Editorial: Fire commission vote a good start, but financial challenges looming
California-Nevada Tahoe Basin Fire Commission members have accomplished what often has eluded the basin’s many governing bodies: They reached a consensus.
After eight months of meetings following last summer’s catastrophic Angora fire, the commission voted unanimously Friday to seek state and federal emergency declarations to battle what it says is an imminent threat of basin wildfires.
According to the commission, declarations by President Bush and the governors of California and Nevada would provide immediate money to establish fire-prevention programs. A five-year emergency plan is estimated to cost $7.8 million.
The commission’s report, roughly divided between recommendations and findings, voted to pass on approximately 70 recommendations to the states’ two governors. The overall plan now faces a 30-day public review before it reaches the governors for action.
The commission findings come on the heels of an Associated Press report Friday charging that steps to prevent catastrophic wildfires in the Tahoe Basin have been “hampered for years by bureaucratic infighting among agencies that often work at cross purposes.”
The AP reached its conclusions after reviewing what it claimed to be thousands of pages of documents from local, regional, state and federal agencies involved in planning, environmental protection and fire prevention around Lake Tahoe.
The report blames inaction on “the overlapping agencies that have environmental and regulatory oversight of the Tahoe Basin.”
That probably comes as no surprise to South Lake Tahoe’s longtime residents, many of whom angrily vented to the Tahoe Regional Planning Agency and other regulatory bodies in the aftermath of the Angora fire.
They complained of overly strict, nebulous and contradictory environmental regulations that impeded their ability to protect their homes from wildfire. At odds have been the bodies’ pledges to protect the lake and surrounding countryside and simultaneously enable homeowners to remove fire fuel from around their properties that also acts to limit harmful runoff to Lake Tahoe.
Talk about a perilous balancing act.
While not disregarding agencies’ erosion-control “best management practices,” the commission mandates that fire prevention must take precedence over other concerns.
Consider Recommendation No. 1, for instance: “The restoration of the basin’s forests to a more natural and fire-resilient condition should be a common and primary management goal of all public land management agencies, regulatory agencies and private-property owners in the basin.”
The commission’s report lets nobody off the hook. It requires public regulatory and permitting agencies such as the U.S. Forest Service, the Lahontan Regional Water Quality Control Board and the TRPA to streamline their codes, waive overlapping regulatory requirements and work cooperatively to ensure the basin’s safety.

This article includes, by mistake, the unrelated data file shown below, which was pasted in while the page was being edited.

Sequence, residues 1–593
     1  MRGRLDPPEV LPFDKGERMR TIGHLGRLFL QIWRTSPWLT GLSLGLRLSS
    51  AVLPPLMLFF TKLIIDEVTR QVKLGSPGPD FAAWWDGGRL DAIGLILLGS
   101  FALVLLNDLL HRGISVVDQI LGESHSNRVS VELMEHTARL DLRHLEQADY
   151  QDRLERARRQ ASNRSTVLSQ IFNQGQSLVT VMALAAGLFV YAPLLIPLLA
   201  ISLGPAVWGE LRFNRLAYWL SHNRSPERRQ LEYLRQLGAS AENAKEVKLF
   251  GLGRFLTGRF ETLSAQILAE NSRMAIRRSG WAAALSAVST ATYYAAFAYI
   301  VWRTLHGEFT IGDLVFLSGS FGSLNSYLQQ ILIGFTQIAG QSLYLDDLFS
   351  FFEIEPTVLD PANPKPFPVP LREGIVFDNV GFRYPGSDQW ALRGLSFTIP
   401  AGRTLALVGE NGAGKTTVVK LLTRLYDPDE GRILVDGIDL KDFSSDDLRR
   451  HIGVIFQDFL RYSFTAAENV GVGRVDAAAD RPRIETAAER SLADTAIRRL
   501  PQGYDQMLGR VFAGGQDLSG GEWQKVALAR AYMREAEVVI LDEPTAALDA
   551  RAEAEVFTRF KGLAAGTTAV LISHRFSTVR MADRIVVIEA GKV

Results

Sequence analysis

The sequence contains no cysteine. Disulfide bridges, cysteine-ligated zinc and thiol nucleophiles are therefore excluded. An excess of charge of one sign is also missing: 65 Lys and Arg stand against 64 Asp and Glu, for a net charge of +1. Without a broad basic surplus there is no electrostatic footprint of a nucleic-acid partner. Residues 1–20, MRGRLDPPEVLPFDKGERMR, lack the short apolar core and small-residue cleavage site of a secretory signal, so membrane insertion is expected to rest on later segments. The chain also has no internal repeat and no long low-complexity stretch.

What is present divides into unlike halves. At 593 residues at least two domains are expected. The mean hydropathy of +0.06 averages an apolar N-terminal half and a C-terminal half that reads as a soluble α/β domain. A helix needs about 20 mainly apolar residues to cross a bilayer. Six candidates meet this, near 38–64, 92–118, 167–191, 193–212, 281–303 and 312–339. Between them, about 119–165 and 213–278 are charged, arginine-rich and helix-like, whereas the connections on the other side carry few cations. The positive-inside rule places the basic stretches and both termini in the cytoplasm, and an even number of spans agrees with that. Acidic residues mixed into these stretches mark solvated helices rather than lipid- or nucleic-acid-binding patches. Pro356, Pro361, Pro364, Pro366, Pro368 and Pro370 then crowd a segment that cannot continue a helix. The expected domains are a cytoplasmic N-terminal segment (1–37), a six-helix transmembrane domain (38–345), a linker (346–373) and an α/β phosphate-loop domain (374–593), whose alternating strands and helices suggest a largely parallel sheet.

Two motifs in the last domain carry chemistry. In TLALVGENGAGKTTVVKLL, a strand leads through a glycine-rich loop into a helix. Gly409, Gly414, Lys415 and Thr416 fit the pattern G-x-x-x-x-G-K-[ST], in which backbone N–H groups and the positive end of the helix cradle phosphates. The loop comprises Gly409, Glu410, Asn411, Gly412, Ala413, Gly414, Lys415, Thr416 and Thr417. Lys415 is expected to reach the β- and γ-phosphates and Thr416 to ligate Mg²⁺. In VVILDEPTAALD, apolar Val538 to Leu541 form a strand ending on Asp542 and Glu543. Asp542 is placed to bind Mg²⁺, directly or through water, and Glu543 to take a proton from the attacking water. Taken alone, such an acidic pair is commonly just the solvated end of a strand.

Recommendation No. 43 sets its sights on the TRPA: “The TRPA must continue to make the avoidance of catastrophic fire its number one priority and should be aggressive in facilitating, approving and permitting projects by land managers and property owners to remove fuels from the forests and to implement forest restoration plans for the purpose of creating more fire-resilient forests with the Tahoe Basin.”
Also emerging from the commission’s eight month’s work is the “Multi-Jurisdictional Fuel Reduction and Wildlife Prevention Strategy,” or “10-Year Plan.”
According to the report, the document was developed under the direction of the U.S. Forest Service Lake Tahoe Basin Management Unit and in cooperation with 17 other fire and land-management agencies.
The document addresses coordination of fire protection services – an issue that surfaced during and after the Angora fire. According to the report, the purpose of the 10-Year Plan is to “comprehensively combine in a single document all of the existing wildlife protection plans that have been developed within the basin. It provides a single framework for these agencies to identify priority areas and a strategy to collaborate on implementing fuels reduction projects to accomplish those priorities.”
The success or failure of the 10-Year Plan and other commission recommendations depends on the agencies’ ability to reconcile their differences and work together. Commission meetings with a variety of public officials over the past eight months have begun the process, and that’s welcome news.
Sustained progress, of course, will be harder to attain. It’s one thing to come up with a plan, quite another to make it happen. But that’s what the public expects and deserves.
California Gov. Arnold Schwarzenegger and Nevada Gov. Jim Gibbons should make every effort to support the commission’s recommendations. It will require more than rhetoric.
As usual, financing is critical and challenges monumental. With the country in a recession and both states’ budgets in nose dives, it’s up to our leaders to figure out how to implement funding strategies the commission has outlined.
We’ll keep a close eye on the process as it moves forward.
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